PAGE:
2013 Volume 53 Issue 1 Pages 21-26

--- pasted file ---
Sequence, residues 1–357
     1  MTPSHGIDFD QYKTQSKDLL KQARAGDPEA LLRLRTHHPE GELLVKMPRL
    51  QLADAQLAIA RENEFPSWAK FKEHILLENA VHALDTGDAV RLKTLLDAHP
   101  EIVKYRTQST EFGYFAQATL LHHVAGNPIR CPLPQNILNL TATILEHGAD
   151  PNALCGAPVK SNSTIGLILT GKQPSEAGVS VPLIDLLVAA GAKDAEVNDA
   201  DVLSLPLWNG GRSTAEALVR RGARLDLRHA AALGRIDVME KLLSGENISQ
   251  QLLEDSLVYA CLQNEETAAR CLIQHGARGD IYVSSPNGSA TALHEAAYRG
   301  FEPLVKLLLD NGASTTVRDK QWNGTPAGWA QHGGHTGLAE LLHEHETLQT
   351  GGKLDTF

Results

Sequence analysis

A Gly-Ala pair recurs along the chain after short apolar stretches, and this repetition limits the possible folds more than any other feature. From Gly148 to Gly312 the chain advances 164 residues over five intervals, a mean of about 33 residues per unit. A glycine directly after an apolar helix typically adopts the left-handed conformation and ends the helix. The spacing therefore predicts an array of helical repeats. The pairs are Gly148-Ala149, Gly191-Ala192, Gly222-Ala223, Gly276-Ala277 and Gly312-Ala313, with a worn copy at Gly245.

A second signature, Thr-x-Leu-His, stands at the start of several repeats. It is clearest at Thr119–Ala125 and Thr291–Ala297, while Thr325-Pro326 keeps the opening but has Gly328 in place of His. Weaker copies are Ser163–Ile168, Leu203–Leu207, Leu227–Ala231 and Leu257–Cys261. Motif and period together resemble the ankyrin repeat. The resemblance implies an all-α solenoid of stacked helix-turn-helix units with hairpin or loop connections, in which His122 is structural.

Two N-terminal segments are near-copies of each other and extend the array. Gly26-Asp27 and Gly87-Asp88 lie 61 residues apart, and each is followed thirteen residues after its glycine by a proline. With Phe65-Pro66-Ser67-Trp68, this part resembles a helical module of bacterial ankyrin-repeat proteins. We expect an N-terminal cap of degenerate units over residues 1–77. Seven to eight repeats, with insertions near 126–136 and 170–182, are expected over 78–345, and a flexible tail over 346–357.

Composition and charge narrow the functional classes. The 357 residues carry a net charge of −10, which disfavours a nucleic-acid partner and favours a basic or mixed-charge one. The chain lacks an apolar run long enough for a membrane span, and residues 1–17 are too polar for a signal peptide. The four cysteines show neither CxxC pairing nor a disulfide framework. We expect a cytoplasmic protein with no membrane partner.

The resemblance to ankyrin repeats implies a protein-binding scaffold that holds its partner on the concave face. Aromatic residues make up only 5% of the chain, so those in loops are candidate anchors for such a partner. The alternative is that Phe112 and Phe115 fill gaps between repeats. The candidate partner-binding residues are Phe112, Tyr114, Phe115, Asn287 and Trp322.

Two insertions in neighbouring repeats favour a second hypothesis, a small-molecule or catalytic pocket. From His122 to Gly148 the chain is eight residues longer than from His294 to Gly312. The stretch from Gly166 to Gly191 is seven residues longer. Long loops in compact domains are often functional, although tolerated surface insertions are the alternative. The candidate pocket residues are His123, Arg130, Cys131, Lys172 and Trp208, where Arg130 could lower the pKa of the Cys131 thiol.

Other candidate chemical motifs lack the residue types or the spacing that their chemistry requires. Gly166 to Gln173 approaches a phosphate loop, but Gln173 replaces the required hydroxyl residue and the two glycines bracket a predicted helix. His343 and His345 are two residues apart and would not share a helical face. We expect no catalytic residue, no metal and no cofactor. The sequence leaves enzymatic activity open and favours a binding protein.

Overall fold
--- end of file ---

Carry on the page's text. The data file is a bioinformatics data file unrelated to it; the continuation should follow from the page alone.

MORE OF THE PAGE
Recent studies have indicated that non-steroidal anti-inflammatory drug (NSAID), particularly tolfenamic acid, can inhibit proliferation and induce apoptosis invarious cancer cells. Breast cancer represents one-third of all cancers diagnosed in women and is the second leading cause of cancer death in Western European and North American women. In the present study, we investigated the apoptotic effect of tolfenamic acid in MDA-MB-231 estrogen receptor-negative human breast carcinoma cells and in a xenograft tumor model. Treatment of cells with tolfenamic acid significantly decreased cell viability in a concentration-dependent manner. Notably, tolfenamic acid increased apoptosis-related proteins, such as p53 and p21, within 48 h. Furthermore, in vivo experiments showed that tolfenamic acid treatment resulted in a significant reduction in tumor volume over 5 weeks. Immunohistochemistry results showed that apoptosis-related protein induction by tolfenamic acid was significantly higher in the 50 mg/kg-treated group compared to the control group. Together, these results indicate that tolfenamic acid induces apoptosis in MDA-MB-231 breast cancer cells and tumor xenograft model and it may be a potential chemotherapeutic agent against breast cancer.